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U.S.-Japan security treaty should not cover Chinese territory: Chinese envoy
The U.S.-Japan security treaty is a bilateral arrangement and should not cover Chinese territory, Chinese Ambassador Cui Tiankai said on Friday.
The U.S.-Japan alliance "should not affect the interests of a third country," Cui said at the John F. Kennedy School of Government of the Harvard University.
"Our positions are quite clear. The Diaoyu Islands are Chinese territory," the Chinese envoy told Harvard students in response to a question on the territorial disputes between China and Japan over a chain of islands in the East China Sea.
U.S. President Barack Obama assured Japan during a visit to the country on Thursday that Washington was committed to its defense, applying the U.S.-Japan security treaty to the disputed Diaoyu Islands. China has expressed grave concerns over the statement.
Pointing out that the U.S.-Japan alliance originated in the Cold-War years, Cui said, "Is it really up-to-date? Or is it appropriate for the challenges of the 21st century? I don't think such alliance will help us."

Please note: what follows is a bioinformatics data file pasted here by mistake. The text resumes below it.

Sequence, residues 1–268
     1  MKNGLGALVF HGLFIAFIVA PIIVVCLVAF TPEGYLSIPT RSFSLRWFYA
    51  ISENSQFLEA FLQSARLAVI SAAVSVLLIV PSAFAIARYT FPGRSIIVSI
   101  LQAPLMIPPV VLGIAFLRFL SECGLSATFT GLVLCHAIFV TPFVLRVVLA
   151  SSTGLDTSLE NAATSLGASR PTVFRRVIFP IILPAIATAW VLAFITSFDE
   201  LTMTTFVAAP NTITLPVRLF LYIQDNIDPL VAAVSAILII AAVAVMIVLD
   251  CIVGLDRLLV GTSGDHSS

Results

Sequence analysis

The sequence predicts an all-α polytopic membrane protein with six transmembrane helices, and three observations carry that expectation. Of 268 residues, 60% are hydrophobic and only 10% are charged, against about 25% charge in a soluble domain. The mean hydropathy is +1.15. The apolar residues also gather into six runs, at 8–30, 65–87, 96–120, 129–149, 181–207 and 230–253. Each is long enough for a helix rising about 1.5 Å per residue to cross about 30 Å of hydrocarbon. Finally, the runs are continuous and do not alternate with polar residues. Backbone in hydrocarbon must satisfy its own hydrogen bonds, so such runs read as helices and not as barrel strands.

Cui said while Washington tells Beijing that it is taking no position on the issue of Diaoyu Islands, "it seems to me that it does take some sides, and probably take the wrong side."
The convergence of interests, Cui said, helps build the bonds between China and other Asia-Pacific countries, which "are stronger, longer-lasting and more resilient than those of old-fashioned alliances."
"In this sense, there is no need for us to pivot or rebalance in Asia-Pacific, because this is our homeland. Our roots are here, and our priority never shifts," he said.
Cui added that the new model of China-U.S. relationship is seeking to build aims at win-win cooperation on the basis of mutual respect and requires "positive energy" from both sides.
"It is not about playing with words. Serious commitments have to be made and honored by both sides," the ambassador said.
Cui said China recognizes U.S. presence and interests in the Asia-Pacific region and welcomes the constructive role by the United States in regional affairs.
"We hope that the United States will join the regional quest for 21st century solutions for the challenges before us, so that Asia-Pacific will enjoy lasting peace and widespread prosperity," he said.
[Source: Xinhua, Boston, US, 25Apr14]
East China Sea Conflict
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